Pubs, restaurants, bars and cafes have reopened for outdoor service in Wales for the first time since December.
Groups of up to six people from any number of households can be seated together at the newly reopened hospitality venues, which are subject to strict hygiene measures to prevent the spread of coronavirus.
On Monday, businesses in Cardiff city centre opened their doors to a largely subdued atmosphere.
Bars, pubs and restaurants reported being completely booked up for the evening and for the rest of the week, but many tables outside businesses were left empty during the afternoon.
Tom Morgan, co-owner of the Pitch Bar & Eatery in Cardiff’s Mill Lane, said it was fully booked up into the May bank holiday weekend.
He told the PA news agency: “This is a big day. We have more space outside than inside, so for us this is the one we’ve been looking out for.
“We really needed today to come so we could start recouping our lost income from the past months. We’re just hoping the good weather lasts so we can keep getting people in.”
Mr Morgan said the Welsh Government’s “late” decision to only announce last week that six people from any number of households can meet up outdoors – where there was previously a two-household limit – meant he has had to unnecessarily reject bookings, which he said was “frustrating”.
“We’re excited. We just hope that this is it now, we’re working for good, and there’s not another lockdown looming, which would be disastrous for us and the majority of hospitality businesses,” he said.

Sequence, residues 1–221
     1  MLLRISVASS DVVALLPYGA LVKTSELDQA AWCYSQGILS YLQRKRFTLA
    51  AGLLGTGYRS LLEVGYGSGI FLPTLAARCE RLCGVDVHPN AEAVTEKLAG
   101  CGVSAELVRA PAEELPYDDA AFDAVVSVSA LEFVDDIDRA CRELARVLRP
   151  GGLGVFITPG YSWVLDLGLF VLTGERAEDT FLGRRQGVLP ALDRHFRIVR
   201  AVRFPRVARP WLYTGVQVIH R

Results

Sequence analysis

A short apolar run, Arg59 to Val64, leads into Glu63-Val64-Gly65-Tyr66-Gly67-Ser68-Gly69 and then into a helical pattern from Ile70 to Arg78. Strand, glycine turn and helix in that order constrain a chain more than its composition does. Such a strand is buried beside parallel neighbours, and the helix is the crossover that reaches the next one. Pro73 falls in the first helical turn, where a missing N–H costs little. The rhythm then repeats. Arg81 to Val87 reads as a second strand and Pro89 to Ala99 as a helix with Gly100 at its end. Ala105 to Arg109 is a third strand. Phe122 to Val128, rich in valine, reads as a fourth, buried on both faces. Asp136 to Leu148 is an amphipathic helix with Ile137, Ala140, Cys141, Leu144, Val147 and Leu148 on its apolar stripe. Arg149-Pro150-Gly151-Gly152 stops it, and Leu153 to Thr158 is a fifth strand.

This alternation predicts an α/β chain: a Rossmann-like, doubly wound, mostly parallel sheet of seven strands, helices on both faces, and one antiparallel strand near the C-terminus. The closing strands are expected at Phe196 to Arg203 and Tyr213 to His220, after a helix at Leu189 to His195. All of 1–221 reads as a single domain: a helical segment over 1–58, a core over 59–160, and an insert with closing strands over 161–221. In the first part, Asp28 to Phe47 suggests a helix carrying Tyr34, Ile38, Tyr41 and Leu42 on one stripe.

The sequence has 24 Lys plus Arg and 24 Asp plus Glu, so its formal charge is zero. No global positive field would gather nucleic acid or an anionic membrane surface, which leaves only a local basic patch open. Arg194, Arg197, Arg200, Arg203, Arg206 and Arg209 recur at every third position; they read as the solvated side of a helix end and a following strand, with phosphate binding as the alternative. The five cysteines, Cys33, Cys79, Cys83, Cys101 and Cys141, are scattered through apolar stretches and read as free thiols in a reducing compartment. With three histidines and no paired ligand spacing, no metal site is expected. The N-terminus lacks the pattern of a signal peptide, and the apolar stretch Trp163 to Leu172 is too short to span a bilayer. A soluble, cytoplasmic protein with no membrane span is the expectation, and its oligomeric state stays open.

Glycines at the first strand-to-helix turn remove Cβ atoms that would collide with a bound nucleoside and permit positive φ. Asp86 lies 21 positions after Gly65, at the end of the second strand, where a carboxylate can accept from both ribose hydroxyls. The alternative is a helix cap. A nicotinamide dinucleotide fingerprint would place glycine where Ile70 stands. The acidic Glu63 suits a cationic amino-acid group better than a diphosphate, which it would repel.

But some businesses which offer little or no outside space have been unable to take advantage of the easing of hospitality rules.
Joe Rapson, owner of La Pantera Mexican-themed bar in the Welsh capital’s Quay Street, said his business would remain closed for sit-ins for now as it only had room for four tables outside.
Though the bar had been thriving with takeaway food sales during lockdown, he said the proposed May 17 reopening of indoor hospitality could not come soon enough.
“I think the government, when they say that outside hospitality can open, has an image in their mind that every venue is like a country pub with a massive beer garden,” he said.
“I don’t think they quite understand that there are venues like ours where we can only fit four tables outside on basically a road. But there are some places that don’t have any outside space.
“But now it seems we only have to wait three weeks, it’s probably made people rest a little easier. If the date had been pushed back, I think there would be a lot more anger.”
Monday’s easing of hospitality rules came as organised outdoor activities were also permitted for up to 30 people, and outdoor wedding receptions for the same number, while outdoor visitor attractions can open.
Any six people can now meet up outdoors in Wales, with children under 11 years of age not included in the new six-household limit, nor carers from those households.
Meeting people from other households indoors is still not allowed except in a limited number of circumstances.
From May 3, gyms and leisure centres can reopen, and people can form extended households with one other household.
Indoor supervised activities for children, indoor organised activities for up to 15 adults such as exercise classes, and reopening community centres are also being brought forward from May 17 to May 3, which will complete Wales’ move to Alert Level 3.
First Minister Mark Drakeford said indoor hospitality and all tourist accommodation in Wales could reopen on May 17 were he to lead the country after the May 6 Senedd election, while the main opposition parties have already committed to the same date if they win the poll.